Hunter v. Kemna, 116 F. Supp. 2d 1113 (E.D. Mo. 2000)
August 16, 2000
Michael KEMNA, et al., Respondent.
United States District Court, E.D. Missouri, Eastern Division.
*1114 *1115 George W. Hunter, Cameron, MO, pro se.
Stacy A. Anderson, Karen Pope Butler, Attorney General of Missouri, Assistant Attorney General, Jefferson City, MO, for Michael Bowersox, respondent.
NOCE, United States Magistrate Judge.
This matter is before the court upon the petition of George Hunter for a writ of habeas corpus under 28 U.S.C. § 2254. The parties have consented to the exercise of jurisdiction by the undersigned United States Magistrate Judge pursuant to 28 U.S.C. § 636(c).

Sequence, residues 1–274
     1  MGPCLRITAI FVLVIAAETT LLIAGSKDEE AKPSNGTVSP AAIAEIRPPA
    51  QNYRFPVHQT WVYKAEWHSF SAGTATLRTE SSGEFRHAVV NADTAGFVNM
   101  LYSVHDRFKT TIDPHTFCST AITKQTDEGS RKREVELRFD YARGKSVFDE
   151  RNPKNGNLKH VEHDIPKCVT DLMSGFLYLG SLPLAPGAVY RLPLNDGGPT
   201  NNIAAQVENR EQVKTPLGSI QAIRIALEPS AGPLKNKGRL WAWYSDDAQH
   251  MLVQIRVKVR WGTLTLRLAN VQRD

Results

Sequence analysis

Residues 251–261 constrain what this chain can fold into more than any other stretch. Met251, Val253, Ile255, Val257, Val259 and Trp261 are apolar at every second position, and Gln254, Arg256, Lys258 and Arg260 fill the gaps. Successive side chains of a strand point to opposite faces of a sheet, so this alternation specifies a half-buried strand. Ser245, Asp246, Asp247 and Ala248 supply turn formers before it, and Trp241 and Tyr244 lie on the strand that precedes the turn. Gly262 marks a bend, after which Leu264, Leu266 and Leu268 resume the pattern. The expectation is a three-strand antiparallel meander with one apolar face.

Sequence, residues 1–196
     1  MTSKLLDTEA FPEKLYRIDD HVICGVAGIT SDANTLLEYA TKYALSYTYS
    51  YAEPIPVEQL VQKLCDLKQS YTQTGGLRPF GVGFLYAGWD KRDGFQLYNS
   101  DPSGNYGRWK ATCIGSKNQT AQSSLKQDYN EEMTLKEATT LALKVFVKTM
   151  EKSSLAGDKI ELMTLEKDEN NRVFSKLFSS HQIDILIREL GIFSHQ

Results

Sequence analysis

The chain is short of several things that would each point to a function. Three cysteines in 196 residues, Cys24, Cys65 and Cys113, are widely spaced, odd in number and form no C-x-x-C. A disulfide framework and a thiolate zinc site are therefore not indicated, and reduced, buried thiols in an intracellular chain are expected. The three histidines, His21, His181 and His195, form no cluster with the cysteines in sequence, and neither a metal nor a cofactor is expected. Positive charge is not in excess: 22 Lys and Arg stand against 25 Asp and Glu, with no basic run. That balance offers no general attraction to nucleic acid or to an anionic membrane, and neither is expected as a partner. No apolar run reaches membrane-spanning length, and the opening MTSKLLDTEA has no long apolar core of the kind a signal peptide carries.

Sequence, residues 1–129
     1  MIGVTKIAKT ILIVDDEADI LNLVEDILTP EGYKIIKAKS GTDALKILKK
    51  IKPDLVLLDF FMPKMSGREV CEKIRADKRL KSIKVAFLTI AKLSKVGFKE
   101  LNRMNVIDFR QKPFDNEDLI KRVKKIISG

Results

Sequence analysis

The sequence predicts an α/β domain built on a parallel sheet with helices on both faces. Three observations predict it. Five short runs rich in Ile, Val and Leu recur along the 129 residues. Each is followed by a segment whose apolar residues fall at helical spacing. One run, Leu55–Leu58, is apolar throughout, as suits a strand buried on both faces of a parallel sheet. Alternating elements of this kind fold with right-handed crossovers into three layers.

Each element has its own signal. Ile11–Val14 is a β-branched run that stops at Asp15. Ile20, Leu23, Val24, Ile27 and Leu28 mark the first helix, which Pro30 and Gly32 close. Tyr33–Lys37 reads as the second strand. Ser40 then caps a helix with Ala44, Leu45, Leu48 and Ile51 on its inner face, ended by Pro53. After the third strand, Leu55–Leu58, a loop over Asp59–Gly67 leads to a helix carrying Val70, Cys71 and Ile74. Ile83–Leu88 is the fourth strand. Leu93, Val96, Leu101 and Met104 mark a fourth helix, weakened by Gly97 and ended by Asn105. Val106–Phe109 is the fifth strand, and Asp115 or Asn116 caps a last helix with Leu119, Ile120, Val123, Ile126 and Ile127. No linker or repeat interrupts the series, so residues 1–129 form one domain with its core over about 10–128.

On September 15, 1994, petitioner was convicted by a jury in the Circuit Court of the City of St. Louis, Missouri, of two counts of sodomy (Counts I and II), two counts of endangering the welfare of a child (Counts III and VII) and three counts of misdemeanor assault (Counts IV, V and VI). He was sentenced to a term of life imprisonment, a term of twenty years to be served consecutive to the life term, and two terms of five years and three terms of one year, concurrent to each other, but consecutive to the life term and the term of twenty years. Petitioner is to serve a total of life plus twenty-five years. Petitioner moved for post-conviction relief under Missouri Supreme Court Rule 29.15. This was denied after an evidentiary hearing. See PCR Legal File, at 52. The Missouri Court of Appeals reversed petitioner's conviction as to one count of endangering the welfare of a child, Count VII, but affirmed the remaining convictions, sentences and denial of post-conviction relief. State v. Hunter, 939 S.W.2d 542 (Mo.Ct.App.1997).